It's 1988 and Jeff Winston works at his local radio station, bored with the way his life has turned out.
While on the phone to his wife, he has what seems to be a heart attack and dies, but instead of that being the end of poor Jeff Winston, he wakes up back in 1963, young again and at college.
He is twenty-five years younger but has twenty-five years worth more experience to call upon.
He knows the way the world will be shaped, he can gamble on events he already knows the outcome to, buy stocks in products he knows will take off, save politicians from assassination, and much, much more.
The world is his oyster.
Until he reaches 1988 again, dies, and reawakens back in 1963, no more than a teenager but with the knowledge and experience of over fifty years under his belt.
Is this good fortune or a curse?
It's got to be said, the premise is excellent, a plot that heavily influenced the movie "Groundhog Day" with Bill Murray.
Grimwood's novel is brilliant in what it goes out to achieve.
The novel is fresh, never lingers too long in one place and certainly never outstays its welcome, but by the end I was still a little disappointed, undernourished if you will.
There was a chance here to make something that could have been a whole lot more.
There were a lot of 'what if's that were never explored and were given up on, like seriously changing the past, or turning suicidal after years alone, and perhaps the idea of someone endlessly repeating his or her life, perhaps for thousands of years, quite appealed to me in a storytelling kind of way.
It worked brilliantly in "Groundhog Day", and nearly every possibility was covered there (even though that was just one day repeating over and over), but with twenty-five years to move around in, you would have thought that more topics could have been covered.
As a time-travel novel, it doesn't really succeed because of this, and I would certainly recommend Gerrold's "The Man Who Folded Himself" instead.
However, as a piece of literature, it is character-driven and brilliantly written.
Overall, the characters Grimwood creates are excellent and appear very real, but sometimes the novel as a whole felt like it didn't quite have the scope to use the premise more fully.
Nonetheless, this is an excellent piece of work and a great read. Certainly worth the effort.
This is my favourite book of all time, I read it at least once a year, usually around New Years for some strange reason - possibly due to the renewal factor of that time of year.
Previous reviewers have given fully detailed accounts of this story, so there's not much to say except that reading this book can be a life-affirming experience.
Jeff Winston has to re-live his life again and again, knowing each time what has happened to him not only in his 'original' life, but in each life that he has had to 'Replay'.
Each experience leads him to experience each Replay differently, as he becomes enlightened, more cynical, experiences futility about his ability to change destiny (eg. to attempt saving JFK), and all of this leads the reader to also analyse how they would feel in these situations and perhaps also to analyse their own lives and what they are getting from it, perhaps changes that may be needed.
The fact that he then meets another 'replayer' and the course that their relationship takes through their consequent replays, is deep and sometimes - to me at least - rather distressing and very emotional. I have not once finished this book without a great river of tears.
This is a book that can reach down to your very soul and make your feel as if you yourself are experiencing all of the very many emotions that Jeff Winston has to experience, from lost parenthood to lost love.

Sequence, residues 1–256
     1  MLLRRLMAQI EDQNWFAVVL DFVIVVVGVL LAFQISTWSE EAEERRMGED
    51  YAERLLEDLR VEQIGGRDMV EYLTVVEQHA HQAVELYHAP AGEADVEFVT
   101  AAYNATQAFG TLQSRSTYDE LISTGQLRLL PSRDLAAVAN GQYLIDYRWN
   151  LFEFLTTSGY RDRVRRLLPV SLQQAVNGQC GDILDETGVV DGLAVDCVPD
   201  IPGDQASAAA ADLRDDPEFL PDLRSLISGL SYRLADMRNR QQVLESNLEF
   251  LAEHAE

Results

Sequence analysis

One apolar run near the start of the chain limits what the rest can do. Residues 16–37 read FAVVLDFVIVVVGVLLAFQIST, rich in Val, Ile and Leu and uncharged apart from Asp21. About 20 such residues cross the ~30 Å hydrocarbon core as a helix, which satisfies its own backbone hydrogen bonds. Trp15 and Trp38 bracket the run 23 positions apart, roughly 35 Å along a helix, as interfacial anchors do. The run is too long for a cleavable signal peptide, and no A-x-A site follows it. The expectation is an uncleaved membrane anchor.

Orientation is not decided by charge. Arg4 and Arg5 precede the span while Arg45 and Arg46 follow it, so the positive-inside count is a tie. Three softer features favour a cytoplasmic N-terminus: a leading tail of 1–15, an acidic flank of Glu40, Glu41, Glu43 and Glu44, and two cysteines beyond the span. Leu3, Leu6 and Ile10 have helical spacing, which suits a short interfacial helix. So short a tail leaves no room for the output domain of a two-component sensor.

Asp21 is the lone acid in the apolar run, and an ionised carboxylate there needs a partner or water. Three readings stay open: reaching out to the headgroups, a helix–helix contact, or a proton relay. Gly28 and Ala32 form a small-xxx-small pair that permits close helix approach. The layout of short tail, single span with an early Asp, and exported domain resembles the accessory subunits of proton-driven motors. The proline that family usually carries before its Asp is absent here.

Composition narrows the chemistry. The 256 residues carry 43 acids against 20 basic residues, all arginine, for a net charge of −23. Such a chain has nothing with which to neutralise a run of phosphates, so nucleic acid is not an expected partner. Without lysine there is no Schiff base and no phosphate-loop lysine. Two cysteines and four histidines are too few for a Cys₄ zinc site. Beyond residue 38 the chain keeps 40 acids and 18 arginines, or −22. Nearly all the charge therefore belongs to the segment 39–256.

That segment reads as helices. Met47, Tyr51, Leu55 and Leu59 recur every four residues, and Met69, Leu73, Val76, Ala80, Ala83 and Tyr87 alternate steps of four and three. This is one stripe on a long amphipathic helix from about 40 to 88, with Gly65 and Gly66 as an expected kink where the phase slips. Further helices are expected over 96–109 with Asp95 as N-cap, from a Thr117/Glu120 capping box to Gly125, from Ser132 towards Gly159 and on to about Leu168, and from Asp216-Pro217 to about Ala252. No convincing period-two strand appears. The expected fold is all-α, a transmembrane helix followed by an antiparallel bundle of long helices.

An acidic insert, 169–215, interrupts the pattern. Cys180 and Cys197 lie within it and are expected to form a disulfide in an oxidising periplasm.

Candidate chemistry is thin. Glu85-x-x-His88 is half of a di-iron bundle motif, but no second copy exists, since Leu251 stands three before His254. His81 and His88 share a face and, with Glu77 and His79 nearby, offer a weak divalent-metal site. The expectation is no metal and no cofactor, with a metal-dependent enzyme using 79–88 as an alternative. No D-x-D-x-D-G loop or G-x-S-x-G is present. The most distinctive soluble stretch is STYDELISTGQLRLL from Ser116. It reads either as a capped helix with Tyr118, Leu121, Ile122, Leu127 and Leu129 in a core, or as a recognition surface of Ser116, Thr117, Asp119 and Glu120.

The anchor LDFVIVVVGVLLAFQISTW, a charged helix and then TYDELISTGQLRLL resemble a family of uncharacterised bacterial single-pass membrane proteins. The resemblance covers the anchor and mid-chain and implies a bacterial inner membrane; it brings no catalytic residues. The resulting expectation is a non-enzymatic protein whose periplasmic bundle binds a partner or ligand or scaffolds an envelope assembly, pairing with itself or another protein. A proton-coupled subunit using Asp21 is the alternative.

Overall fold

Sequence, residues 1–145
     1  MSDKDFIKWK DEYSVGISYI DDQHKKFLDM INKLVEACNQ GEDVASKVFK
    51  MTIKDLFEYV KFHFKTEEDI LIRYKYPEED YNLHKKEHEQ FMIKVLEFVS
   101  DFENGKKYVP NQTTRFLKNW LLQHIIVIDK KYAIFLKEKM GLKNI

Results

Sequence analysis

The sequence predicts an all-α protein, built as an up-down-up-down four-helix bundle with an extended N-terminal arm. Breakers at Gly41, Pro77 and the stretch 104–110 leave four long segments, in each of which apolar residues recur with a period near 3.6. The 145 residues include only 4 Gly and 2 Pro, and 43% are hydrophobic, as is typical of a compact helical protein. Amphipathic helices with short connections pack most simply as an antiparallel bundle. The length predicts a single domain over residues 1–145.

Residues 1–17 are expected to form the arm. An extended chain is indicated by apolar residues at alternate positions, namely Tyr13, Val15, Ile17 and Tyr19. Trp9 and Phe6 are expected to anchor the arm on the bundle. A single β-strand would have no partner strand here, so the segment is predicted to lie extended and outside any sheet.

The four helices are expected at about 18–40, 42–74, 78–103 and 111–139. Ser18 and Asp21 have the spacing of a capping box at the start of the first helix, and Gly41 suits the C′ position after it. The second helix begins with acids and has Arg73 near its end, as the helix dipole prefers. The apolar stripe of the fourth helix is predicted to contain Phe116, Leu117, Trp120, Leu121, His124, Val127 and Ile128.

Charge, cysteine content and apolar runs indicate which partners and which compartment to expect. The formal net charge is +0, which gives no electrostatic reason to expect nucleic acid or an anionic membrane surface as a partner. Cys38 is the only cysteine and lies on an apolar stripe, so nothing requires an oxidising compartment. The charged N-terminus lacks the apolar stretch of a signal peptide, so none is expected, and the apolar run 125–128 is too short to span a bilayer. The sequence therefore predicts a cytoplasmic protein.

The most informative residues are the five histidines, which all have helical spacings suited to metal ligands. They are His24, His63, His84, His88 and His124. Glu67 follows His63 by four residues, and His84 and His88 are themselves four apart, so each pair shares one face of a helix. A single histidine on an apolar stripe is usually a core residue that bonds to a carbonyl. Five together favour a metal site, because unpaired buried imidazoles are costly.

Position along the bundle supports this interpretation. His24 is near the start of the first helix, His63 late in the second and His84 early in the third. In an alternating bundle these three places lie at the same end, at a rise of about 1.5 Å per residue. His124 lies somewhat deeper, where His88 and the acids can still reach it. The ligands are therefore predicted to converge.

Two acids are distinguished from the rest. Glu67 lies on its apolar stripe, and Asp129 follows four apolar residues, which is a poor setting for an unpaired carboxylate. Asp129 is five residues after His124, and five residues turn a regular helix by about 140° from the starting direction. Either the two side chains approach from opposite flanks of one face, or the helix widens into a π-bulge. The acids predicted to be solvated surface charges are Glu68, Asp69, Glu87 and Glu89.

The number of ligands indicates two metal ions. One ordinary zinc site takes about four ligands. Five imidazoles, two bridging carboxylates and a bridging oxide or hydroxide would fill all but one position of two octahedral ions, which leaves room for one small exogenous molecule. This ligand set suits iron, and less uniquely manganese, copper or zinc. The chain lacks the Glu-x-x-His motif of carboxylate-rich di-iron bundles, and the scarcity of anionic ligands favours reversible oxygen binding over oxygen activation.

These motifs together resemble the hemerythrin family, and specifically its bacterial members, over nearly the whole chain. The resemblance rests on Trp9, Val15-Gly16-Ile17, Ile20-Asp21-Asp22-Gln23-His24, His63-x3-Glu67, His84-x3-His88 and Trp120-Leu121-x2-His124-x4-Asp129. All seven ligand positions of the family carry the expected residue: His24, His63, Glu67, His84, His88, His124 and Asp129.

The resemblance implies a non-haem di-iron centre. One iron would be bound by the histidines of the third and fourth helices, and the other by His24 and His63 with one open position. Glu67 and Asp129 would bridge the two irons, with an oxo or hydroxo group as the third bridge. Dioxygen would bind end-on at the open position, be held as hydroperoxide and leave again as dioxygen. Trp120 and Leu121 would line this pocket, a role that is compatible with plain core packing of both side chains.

Give it a go - you'll find it more than rewarding, and I'll bet you can't just read it once, because every read throws up different emotions and highlights different sections of this book.
It's a classic, and simply the best book I've ever read.
Replay by Ken Grimwood is my all time favourite novel.
It begins with the death of the main character in the book, a guy by the name of Jeff Winston, a 42-year-old newsreader for a local radio station. On the 18th October 1988 at 1.06pm Jeff suffers a heart attack whilst sitting at his desk on the phone to his wife.
This rather odd start to this novel takes a dramatic turn when Jeff wakes up again in bed. Realising that he hasn't died after all he looks around at his surroundings, which look oddly familiar. There's an old song playing on the radio and a poster on the wall that Jeff recognises as being similar to one that he'd bought when he was at college. It's at this point that it dawns on him that he is in fact in the same room that he stayed in at college. His immediate thoughts are that this must be some extremely elaborate joke being played on him, but then his roommate Martin walks in. Martin had committed suicide 7 years previously in 1981 and yet here he was standing in front of him looking the same as he did back in the old college days.
Jeff finally realises that he has woken up in the year 1963. He realises that not only has he been impossibly transported back in time but that he remembers everything that is going to happen for the next 25 years too. All sorts of possibilities occur to him. Can he change history? Can he use his knowledge to his own advantage? Can he make himself rich and powerful? It seems that the possibilities are endless. If indeed he is about to relive the last 25 years of his life then this is a perfect opportunity to do things right the second time around. The first thing he does is to make a number of bets on a number of major sporting events. Knowing in advance the outcome of events like the World Series means that he is quickly able to amass a small fortune. He uses this money as starting capital to invest in stocks and shares and within a few years is one of the wealthiest people in the country. He continues in this new life and in 1988 on the 18th October at precisely 1.06pm he dies again only to reawaken in 1963 again.